The following afternoon, on Saturday, July 10, 2021, ISBE sent another email, this time entitled “Is masking required in schools?” Although it lacked a simple yes-or-no answer, the email stated:
“The CDC guidance that Illinois has fully adopted for all K-12 public and nonpublic schools states: ‘Masks should be worn indoors by all individuals (age 2 and older) who are not fully vaccinated. Consistent and correct mask use by people who are not fully vaccinated is especially important indoors and in crowded settings, when physical distancing cannot be maintained.
‘The CDC continues to recommend masking and physical distancing as key prevention strategies. However, if school administrators decide to remove any of the prevention strategies for their school based on local conditions, they should remove them one at a time and monitor closely (with adequate testing through the school and/or community) for any increases in COVID-19 cases. Schools should communicate their strategies and any changes in plans to teachers, staff, and families, and directly to older students, using accessible materials and communication channels, in a language and at a literacy level that teachers, staff, students, and families understand.’
‘Schools should work with local public health officials to determine the prevention strategies needed in their area by monitoring levels of community transmission (i.e., low, moderate, substantial, or high) and local vaccine coverage, and use of screening testing to detect cases in K-12 schools … A school in a community with substantial or high transmission, with a low teacher, staff, or student vaccination rate, and without a screening testing program should continue to require masks for people who are not fully vaccinated.’”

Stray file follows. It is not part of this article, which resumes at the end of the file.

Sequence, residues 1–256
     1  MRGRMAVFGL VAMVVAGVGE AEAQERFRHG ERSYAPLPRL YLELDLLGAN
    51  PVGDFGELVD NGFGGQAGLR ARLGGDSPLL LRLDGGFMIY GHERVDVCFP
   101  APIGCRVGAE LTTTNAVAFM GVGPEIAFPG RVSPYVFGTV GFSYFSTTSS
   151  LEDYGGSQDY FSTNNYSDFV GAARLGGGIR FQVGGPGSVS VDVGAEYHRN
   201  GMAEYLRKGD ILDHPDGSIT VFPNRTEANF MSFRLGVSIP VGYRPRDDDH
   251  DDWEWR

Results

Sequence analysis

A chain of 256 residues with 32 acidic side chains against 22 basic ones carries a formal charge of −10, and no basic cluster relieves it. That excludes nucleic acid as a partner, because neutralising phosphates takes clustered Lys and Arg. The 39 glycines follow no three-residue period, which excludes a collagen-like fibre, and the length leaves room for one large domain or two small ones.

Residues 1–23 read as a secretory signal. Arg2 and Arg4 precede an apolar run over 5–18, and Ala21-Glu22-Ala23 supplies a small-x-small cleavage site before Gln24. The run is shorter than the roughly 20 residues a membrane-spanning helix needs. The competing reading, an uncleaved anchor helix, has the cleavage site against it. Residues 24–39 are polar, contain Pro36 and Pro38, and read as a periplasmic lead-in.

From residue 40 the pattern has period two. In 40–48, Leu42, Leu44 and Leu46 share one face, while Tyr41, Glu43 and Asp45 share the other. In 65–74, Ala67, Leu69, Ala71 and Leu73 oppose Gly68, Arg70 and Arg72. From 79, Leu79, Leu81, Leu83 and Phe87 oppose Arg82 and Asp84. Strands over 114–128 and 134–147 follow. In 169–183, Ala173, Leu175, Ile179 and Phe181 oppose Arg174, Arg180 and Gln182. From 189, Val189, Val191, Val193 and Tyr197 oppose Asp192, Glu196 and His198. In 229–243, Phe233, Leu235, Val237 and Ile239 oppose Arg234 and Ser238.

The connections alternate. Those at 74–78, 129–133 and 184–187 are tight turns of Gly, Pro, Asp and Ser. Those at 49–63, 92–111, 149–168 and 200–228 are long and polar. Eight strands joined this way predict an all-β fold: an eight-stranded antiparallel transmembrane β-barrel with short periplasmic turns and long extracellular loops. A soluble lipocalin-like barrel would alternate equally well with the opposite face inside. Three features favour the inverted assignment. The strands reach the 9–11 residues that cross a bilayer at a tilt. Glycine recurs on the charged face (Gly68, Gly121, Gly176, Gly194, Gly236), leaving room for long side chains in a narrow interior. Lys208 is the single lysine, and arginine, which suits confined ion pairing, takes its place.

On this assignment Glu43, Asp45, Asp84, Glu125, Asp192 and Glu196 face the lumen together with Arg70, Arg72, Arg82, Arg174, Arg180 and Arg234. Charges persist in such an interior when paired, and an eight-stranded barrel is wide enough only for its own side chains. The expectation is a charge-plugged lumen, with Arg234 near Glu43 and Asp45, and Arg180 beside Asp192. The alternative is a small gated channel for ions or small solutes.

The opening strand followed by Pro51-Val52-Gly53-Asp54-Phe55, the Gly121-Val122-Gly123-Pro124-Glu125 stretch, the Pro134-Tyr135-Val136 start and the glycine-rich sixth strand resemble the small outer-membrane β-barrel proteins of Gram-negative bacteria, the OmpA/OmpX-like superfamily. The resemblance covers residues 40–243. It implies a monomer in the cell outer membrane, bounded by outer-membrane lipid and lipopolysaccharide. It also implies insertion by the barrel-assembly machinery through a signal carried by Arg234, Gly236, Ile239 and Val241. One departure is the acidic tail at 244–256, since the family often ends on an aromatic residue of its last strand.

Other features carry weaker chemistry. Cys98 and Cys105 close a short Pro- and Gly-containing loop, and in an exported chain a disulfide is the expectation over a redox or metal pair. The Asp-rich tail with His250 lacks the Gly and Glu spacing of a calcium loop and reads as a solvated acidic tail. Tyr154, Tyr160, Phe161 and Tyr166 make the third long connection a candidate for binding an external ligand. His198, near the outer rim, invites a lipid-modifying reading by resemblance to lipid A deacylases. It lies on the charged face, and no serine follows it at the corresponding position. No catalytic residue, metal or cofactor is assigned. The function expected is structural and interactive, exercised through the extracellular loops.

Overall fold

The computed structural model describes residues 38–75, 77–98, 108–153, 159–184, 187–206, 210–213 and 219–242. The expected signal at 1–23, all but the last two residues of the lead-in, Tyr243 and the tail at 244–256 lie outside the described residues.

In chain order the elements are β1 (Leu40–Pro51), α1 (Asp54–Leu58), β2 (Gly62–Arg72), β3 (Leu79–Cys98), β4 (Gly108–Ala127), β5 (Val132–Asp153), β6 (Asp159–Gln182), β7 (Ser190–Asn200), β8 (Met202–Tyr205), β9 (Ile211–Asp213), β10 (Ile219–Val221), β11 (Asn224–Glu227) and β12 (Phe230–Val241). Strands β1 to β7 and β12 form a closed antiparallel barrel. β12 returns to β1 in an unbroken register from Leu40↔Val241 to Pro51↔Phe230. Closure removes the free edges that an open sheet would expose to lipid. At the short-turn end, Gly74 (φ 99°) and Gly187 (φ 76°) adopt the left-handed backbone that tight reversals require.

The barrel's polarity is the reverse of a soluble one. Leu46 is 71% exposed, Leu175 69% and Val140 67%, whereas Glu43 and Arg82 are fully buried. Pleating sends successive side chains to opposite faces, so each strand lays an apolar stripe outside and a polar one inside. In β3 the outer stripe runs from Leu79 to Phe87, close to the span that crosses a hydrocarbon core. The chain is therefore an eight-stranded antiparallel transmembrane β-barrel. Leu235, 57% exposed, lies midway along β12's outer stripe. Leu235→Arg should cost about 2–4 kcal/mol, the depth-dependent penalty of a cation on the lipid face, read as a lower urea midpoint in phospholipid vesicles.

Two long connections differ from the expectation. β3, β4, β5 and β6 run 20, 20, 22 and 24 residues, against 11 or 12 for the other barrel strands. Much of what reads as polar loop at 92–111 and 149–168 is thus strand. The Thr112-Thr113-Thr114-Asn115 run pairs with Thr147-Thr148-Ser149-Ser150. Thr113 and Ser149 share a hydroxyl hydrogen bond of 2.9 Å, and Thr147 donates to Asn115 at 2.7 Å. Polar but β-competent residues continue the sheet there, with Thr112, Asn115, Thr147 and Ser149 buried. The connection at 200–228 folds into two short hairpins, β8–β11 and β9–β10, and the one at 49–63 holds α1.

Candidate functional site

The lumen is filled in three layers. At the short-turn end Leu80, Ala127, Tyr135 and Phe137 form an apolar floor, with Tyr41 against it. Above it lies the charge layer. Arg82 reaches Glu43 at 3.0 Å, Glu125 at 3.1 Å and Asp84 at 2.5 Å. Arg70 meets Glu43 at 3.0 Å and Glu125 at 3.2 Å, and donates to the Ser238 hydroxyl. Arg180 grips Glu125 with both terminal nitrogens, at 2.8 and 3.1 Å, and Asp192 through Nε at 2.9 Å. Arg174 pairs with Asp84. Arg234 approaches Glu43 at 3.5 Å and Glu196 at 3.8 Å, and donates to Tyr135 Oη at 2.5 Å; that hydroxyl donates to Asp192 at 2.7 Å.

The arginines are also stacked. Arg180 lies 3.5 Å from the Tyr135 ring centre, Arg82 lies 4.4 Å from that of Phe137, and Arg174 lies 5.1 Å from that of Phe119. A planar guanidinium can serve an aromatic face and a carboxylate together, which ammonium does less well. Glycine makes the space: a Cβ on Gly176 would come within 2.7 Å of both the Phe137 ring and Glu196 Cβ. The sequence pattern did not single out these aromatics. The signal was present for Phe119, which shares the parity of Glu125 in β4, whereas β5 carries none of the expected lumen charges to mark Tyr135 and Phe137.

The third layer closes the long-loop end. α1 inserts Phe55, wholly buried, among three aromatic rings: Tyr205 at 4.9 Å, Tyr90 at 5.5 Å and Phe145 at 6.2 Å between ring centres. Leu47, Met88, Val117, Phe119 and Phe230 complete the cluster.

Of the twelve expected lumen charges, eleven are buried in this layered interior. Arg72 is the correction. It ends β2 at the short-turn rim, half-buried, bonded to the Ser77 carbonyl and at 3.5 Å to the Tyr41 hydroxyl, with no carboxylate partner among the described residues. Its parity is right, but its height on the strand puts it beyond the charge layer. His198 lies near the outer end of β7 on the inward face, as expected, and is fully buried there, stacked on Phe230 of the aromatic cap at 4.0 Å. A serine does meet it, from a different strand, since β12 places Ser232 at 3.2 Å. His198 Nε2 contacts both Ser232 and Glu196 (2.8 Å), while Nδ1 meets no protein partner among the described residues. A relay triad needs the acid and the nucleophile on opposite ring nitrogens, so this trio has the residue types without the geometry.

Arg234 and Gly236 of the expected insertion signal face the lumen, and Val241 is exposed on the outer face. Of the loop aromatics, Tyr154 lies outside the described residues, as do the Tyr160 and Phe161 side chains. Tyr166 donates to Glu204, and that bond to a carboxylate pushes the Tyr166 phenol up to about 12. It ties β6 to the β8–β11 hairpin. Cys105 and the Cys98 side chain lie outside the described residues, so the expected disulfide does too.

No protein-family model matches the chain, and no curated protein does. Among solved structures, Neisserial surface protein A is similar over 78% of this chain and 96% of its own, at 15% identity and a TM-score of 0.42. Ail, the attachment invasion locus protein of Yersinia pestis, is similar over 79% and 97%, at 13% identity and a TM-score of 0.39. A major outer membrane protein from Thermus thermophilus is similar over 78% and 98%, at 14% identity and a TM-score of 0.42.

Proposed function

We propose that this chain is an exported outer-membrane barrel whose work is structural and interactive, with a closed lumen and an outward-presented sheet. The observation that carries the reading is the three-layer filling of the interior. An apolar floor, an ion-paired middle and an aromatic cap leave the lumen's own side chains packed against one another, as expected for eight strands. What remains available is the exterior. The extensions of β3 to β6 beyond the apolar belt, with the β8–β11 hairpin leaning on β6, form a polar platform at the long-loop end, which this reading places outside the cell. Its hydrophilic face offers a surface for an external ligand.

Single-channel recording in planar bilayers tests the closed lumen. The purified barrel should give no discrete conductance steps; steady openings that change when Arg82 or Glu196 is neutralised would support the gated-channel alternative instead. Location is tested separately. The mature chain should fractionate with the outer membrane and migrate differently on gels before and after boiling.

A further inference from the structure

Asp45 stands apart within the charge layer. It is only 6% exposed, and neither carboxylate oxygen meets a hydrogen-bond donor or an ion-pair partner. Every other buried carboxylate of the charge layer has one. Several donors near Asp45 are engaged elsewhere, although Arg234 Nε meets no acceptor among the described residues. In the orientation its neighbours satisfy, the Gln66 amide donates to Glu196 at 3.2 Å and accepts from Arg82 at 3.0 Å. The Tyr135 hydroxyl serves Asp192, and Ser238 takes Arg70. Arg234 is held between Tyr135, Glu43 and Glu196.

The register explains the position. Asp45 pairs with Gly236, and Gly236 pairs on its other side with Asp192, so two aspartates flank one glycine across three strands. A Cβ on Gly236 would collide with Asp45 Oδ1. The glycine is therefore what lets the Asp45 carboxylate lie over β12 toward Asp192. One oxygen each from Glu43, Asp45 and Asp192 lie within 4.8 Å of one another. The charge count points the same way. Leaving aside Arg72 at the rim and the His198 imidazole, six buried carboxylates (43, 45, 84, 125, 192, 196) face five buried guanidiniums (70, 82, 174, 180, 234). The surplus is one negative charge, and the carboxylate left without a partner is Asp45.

As of the publication of this article, no other guidance documents have been updated by IDPH or ISBE. During the 2020-2021 school year, these state agencies provided numerous and detailed guidance documents FAQs, and quarantine/isolation protocols. We expect that they will revise those documents or provide new ones for use during the 2021-2022 school year as well. Consequently, this area may evolve rapidly. Whitt Law attorneys James R. Dougherty and Brian R. Bare are available to discuss these and any other questions that you may have regarding the impact of state and federal guidance upon Illinois school districts and plans for the return this fall. Districts are advised to consult their attorneys before implementing definitive plans.